Context: That few data are available on the characteristics of medical schools or on trends within medical education internationally constitutes a major challenge when developing strategies to address physician workforce shortages. Quality and up-to-date information is needed to improve health and education policy planning.
Methods: We used publicly available data from the International Medical Education Directory and Avicenna Directories, and an internal education programme database to gather data on medical education provision worldwide. We sent a semi-structured questionnaire to a selection of 346 medical schools, of which 218 (63%) in 81 different countries or territories replied. We contacted ministries of health, national agencies for accreditation or similar bodies to clarify inconsistencies among sources. We identified key informants to obtain country-level specific information. Descriptive statistics were used to analyse current medical school data by country.
Results: There are about 2600 medical schools worldwide. The countries with the largest numbers of schools are India (n = 304), Brazil (n = 182), the USA (n = 173), China (n = 147) and Pakistan (n = 86). One-third of all medical schools are located in five countries and nearly half are located in 10 countries. Of 207 independent states, 24 have no medical school and 50 have only one. Regionally, numbers of citizens per school differ: the Caribbean region has one school per 0.6 million population; the Americas and Oceania each have one school per 1.2 million population; Europe has one school per 1.8 million population; Asia has one school per 3.5 million population, and Africa has one school per 5.0 million population. In 2012, on average, there were 181 graduates per medical school.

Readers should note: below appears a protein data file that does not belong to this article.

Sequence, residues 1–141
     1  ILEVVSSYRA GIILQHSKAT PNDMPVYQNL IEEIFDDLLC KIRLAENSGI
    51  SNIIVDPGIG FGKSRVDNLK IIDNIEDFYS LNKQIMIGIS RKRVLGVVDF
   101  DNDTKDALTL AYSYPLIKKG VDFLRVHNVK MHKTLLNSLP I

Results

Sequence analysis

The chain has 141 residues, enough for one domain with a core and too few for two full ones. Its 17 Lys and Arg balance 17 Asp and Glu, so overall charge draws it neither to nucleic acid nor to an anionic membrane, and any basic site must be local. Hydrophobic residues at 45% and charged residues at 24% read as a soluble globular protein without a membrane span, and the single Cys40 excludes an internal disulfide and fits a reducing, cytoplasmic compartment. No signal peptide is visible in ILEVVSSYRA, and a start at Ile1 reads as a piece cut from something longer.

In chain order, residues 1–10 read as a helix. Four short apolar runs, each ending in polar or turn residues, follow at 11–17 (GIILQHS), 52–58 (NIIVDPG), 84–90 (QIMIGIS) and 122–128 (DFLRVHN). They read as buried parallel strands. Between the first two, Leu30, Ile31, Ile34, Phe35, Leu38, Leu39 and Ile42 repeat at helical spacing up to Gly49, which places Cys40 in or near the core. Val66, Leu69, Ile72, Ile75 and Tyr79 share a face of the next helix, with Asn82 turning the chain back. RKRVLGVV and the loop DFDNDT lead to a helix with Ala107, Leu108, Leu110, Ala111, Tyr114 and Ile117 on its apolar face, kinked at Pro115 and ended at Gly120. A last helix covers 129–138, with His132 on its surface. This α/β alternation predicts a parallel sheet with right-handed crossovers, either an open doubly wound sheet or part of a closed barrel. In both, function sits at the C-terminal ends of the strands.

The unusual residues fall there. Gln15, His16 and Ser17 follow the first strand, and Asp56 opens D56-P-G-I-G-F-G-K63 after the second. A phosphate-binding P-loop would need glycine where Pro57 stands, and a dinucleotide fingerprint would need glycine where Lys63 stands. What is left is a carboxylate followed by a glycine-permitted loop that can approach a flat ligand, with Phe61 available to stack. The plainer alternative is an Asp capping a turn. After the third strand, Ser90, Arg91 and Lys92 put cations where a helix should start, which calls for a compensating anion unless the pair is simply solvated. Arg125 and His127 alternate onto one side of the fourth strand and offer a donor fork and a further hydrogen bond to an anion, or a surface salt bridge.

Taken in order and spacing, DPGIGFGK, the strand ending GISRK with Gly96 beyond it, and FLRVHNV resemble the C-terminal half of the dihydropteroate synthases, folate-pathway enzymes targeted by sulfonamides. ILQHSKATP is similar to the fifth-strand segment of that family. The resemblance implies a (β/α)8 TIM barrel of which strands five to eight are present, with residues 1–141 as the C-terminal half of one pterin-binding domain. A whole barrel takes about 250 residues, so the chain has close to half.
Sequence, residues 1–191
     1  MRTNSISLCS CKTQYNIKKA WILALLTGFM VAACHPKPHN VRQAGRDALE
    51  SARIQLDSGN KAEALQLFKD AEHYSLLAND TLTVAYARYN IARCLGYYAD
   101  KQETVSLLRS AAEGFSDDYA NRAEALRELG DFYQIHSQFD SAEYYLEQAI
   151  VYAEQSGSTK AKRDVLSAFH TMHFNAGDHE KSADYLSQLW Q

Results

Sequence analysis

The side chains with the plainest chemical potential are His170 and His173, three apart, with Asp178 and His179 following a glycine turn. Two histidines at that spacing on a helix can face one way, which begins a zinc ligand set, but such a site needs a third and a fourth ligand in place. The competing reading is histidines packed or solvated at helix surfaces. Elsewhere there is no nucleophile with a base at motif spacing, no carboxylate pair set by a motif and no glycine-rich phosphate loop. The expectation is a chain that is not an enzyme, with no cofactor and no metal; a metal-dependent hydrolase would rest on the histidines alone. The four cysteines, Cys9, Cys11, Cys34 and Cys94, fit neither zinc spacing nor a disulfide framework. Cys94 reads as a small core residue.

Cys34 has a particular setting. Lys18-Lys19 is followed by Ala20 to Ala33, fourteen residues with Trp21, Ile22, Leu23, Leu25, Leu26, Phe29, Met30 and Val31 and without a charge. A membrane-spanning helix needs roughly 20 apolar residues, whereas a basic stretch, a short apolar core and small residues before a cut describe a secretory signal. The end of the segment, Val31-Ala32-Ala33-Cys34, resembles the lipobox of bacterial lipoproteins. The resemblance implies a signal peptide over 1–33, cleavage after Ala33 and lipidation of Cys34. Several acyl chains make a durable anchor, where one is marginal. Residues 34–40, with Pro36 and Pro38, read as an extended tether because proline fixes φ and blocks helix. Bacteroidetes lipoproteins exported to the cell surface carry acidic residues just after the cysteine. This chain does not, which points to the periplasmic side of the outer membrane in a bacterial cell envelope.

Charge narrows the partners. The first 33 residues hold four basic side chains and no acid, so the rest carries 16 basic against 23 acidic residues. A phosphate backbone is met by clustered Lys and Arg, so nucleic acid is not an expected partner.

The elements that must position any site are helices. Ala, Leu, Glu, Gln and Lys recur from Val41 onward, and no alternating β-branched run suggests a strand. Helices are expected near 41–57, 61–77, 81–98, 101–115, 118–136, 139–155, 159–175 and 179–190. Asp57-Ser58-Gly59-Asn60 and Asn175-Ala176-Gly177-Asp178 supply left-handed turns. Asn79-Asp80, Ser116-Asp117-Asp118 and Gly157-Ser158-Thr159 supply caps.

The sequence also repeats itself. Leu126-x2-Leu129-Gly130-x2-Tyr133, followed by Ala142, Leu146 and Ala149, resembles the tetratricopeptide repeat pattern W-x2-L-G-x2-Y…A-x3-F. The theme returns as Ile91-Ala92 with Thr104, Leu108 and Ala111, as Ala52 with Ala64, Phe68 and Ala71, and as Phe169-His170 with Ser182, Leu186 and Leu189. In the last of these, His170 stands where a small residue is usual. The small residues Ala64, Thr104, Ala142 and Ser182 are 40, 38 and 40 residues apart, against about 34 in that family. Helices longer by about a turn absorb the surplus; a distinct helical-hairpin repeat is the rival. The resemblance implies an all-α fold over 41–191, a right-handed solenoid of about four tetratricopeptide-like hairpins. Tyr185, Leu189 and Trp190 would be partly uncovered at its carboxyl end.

Conclusions: The total number and distribution of medical schools around the world are not well matched with existing physician numbers and distribution. The collection and aggregation of medical school data are complex and would benefit from better information on local recognition processes. Longitudinal comparisons are difficult and subject to several sources of error. The consistency and quality of medical school data need to be improved to accurately document potential supply; one example of such an advancement is the World Directory of Medical Schools.
© 2014 John Wiley & Sons Ltd.